• Helping tribes develop or expand HIV prevention services and improve services for persons infected with, or affected by, HIV/AIDS
  • Building and strengthening the capacity of tribal organizations and urban Indian health centers throughout the United States to develop effective HIV prevention through intertribal networking and collaboration
  • Providing HIV prevention education in rural Alaska Native communities and implementing an evidence-based intervention, Community PROMISE, in the Yukon-Kuskokwim delta and Maniilaq regions.
 

Understanding HIV and AIDS Data

AIDS surveillance: Through a uniform system, CDC receives reports of AIDS cases from all US states and territories. Since the beginning of the epidemic, these data have been used to monitor trends because they are representative of all areas. The data are statistically adjusted for reporting delays and for the redistribution of cases initially reported without risk factors. As treatment has become more available, trends in new AIDS diagnoses no longer accurately represent trends in new HIV infections; these data now represent persons who are tested late in the course of HIV infection, who have limited access to care, or in whom treatment has failed.

HIV surveillance: Monitoring trends in the HIV epidemic today requires collecting information on HIV cases that have not progressed to AIDS. Areas with confidential name-based HIV infection reporting requirements use the same uniform system for data collection on HIV cases as for AIDS cases. A total of 33 states (Alabama, Alaska, Arizona, Arkansas, Colorado, Florida, Idaho, Indiana, Iowa, Kansas, Louisiana, Michigan, Minnesota, Mississippi, Missouri, Nebraska, Nevada, New Jersey, New Mexico, New York, North Carolina, North Dakota, Ohio, Oklahoma, South Carolina, South Dakota, Tennessee, Texas, Utah, Virginia, West Virginia, Wisconsin, and Wyoming) have collected these data for at least 5 years, providing sufficient data to monitor HIV trends and to estimate risk behaviors for HIV infection.

HIV/AIDS: This term is used to refer to 3 categories of diagnoses collectively: (1) a diagnosis of HIV infection (not AIDS), (2) a diagnosis of HIV infection and a later diagnosis of AIDS, and (3) concurrent diagnoses of HIV infection and AIDS.

REFERENCES

  1. CDC. HIV/AIDS Surveillance Report, 2005. Vol. 17. Rev ed. Atlanta: US Department of Health and Human Services, CDC: 2007:1�46. Accessed June 28, 2007.
  2. U.S. Census Bureau. The American Indian and Alaska Native population: 2000.PDF Icon Census 2000 Brief. February 2002.
  3. Fleming DT, Wasserheit JN. From epidemiological synergy to public health policy and practice: the contribution of other sexually transmitted diseases to sexual transmission of HIV infection. Sexually Transmitted Infections 1999;75:3�17.
  4. CDC. Sexually Transmitted Disease Surveillance 2005. Atlanta: US Department of Health and Human Services, CDC; November 2006: Tables 10B, 20B, 32B.
  5. McNaghten AD, Neal JJ, Li J, Fleming PL. Epidemiologic profile of HIV and AIDS among American Indians/Alaska Natives in the USA through 2000. Ethnicity and Health 2005;10:55�71.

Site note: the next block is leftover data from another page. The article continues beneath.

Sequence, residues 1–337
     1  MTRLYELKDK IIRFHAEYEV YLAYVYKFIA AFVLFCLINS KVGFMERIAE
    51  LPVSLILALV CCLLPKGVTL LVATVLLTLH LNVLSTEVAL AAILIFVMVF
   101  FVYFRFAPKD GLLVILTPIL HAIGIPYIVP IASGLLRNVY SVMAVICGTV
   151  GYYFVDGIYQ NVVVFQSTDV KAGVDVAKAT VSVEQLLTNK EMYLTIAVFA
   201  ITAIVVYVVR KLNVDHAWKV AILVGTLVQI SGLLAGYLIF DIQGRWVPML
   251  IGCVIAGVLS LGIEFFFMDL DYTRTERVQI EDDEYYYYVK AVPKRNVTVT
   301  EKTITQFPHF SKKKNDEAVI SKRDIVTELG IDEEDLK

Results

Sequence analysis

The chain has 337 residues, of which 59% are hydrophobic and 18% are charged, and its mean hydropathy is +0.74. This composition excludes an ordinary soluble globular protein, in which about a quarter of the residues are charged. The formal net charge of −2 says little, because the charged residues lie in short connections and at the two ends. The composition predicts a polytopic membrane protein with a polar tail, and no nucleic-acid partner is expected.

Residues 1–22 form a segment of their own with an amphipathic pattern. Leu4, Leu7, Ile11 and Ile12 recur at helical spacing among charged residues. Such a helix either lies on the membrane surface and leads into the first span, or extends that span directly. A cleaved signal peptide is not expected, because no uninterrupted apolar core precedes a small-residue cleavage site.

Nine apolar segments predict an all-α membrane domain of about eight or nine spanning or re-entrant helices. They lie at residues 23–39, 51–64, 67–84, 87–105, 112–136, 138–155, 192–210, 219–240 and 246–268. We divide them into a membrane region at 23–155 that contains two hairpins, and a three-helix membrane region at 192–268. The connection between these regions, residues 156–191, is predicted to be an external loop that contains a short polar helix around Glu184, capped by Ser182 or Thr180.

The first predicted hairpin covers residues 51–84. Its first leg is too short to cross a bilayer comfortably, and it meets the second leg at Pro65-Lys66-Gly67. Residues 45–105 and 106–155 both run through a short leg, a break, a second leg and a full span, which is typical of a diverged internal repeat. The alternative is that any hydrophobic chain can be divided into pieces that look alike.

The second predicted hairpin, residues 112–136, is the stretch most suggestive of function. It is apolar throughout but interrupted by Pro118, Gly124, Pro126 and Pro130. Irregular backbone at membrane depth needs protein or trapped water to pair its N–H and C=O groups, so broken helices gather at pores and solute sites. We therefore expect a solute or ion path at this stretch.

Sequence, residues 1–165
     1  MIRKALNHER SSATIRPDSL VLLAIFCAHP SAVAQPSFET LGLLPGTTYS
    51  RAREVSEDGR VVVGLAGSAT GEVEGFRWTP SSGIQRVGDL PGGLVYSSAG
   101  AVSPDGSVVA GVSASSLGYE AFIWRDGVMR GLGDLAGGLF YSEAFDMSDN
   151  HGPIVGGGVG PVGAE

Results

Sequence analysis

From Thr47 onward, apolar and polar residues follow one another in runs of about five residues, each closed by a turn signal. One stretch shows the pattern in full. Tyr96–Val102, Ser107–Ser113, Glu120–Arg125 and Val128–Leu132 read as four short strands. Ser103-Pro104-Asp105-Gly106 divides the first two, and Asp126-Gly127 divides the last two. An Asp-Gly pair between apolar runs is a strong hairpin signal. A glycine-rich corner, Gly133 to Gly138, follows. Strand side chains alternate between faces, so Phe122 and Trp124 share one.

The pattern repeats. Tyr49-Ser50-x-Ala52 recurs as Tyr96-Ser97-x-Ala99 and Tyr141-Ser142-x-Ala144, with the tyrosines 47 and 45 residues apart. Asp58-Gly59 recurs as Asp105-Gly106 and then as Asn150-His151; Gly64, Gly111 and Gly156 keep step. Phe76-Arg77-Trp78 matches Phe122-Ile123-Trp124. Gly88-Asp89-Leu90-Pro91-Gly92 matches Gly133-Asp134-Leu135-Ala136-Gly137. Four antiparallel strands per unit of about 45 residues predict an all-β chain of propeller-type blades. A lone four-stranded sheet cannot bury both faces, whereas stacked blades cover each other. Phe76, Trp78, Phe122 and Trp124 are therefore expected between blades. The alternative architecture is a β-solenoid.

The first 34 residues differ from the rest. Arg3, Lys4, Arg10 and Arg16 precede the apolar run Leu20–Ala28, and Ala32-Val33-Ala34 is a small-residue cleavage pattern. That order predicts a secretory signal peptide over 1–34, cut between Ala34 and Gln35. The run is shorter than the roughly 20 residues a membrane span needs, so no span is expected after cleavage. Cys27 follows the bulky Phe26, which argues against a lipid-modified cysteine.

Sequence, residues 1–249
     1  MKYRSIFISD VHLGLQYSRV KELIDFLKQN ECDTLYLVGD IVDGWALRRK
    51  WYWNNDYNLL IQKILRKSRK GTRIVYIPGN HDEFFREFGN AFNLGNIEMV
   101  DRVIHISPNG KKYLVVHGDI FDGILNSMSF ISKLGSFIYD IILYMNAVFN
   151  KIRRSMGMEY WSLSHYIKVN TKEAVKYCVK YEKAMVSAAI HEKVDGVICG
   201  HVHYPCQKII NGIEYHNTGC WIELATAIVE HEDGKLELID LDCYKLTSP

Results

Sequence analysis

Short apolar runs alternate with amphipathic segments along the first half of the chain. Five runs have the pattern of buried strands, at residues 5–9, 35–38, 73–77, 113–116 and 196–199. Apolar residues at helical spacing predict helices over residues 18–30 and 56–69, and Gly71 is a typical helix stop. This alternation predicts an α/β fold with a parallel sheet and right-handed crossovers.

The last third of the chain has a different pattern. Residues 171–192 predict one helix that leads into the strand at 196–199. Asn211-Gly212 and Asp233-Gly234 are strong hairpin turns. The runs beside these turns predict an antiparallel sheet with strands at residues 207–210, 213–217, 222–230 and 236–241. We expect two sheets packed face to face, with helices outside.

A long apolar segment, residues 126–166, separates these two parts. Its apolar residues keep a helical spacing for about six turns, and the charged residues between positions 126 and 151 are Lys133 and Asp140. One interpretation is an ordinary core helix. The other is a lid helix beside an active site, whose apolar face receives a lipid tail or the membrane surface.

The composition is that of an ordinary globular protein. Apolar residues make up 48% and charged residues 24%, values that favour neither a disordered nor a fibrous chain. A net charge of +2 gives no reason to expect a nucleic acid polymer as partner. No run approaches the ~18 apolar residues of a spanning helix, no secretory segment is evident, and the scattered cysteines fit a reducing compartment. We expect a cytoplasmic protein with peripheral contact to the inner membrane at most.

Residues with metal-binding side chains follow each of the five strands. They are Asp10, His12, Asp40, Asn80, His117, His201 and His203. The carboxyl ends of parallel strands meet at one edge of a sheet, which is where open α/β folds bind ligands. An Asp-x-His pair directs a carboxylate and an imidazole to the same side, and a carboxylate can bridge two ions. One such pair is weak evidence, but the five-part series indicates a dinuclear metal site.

6. Leigh B, Stall R. Substance use and risky sexual behavior for exposure to HIV: issues in methodology, interpretation, and prevention. American Psychologist 1993;48:1035�1045.
  7. Substance Abuse and Mental Health Services Administration. Results from the 2005 National Survey on Drug Use and Health: National Findings.Rockville, Md: Substance Abuse and Mental Health Services Administration; 2006. Office of Applied Studies, NSDUH Series H-30, DHHS Publication No. SMA 06-4195.
  8. US Department of the Interior, Bureau of Indian Affairs. Indian entities recognized and eligible to receive services from the United States Bureau of Indian Affairs. Federal Register 2003(December 5);68(234):68179�68184.
  9. Diaz T, Chu SY, Buehler JW, et al. Socioeconomic differences among people with AIDS: results from a multistate surveillance project. American Journal of Preventive Medicine 1994;10:217�222.
  10. DeNavas-Walt C, Proctor BD, Lee CH. Income, Poverty, and Health Insurance Coverage in the United States: 2004.PDF Icon Washington, DC: US Government Printing Office; August 2005. Current Population Reports P60-229.
  11. US Census Bureau. The American Indian, Eskimo, and Aleut population. 2001.
  12. Korenbrot CC, Ehlers S, Crouch JA. Disparities in hospitalizations of rural American Indians. Medical Care 2003;41:626�636.
  13. Zuckerman S, Haley J, Roubideaux Y, Lillie-Blanton M. Health service access, use, and insurance coverage among American Indians/Alaska Natives and whites: what role does the Indian Health Service play? American Journal of Public Health 2004;94:53�59.
  14. Bertolli J, McNaghten AD, Campsmith M, et al. Surveillance systems monitoring HIV/AIDS and HIV risk behaviors among American Indians and Alaska Natives. AIDS Education and Prevention 2004;16:218�237.
  15. CDC. Surveillance for health behaviors of American Indians and Alaska Natives: findings from the Behavioral Risk Factor Surveillance System 1997�2000. MMWR 2003;52(No. SS-07):1�13.
  16. State of Alaska Health and Social Services, Section of Epidemiology. Accuracy of race/ethnicity data for HIV/AIDS cases among Alaska Natives.Non-CDC Web Link State of Alaska Epidemiology Bulletin 2003;No. 11(May 13).
  17. Hu YW, Yu Harlan M, Frye DM. Racial misclassification among American Indians/Alaska Natives who were reported with AIDS in Los Angeles County, 1981�2002. National HIV Prevention Conference; August 2003; Atlanta. Abstract W0-B0703.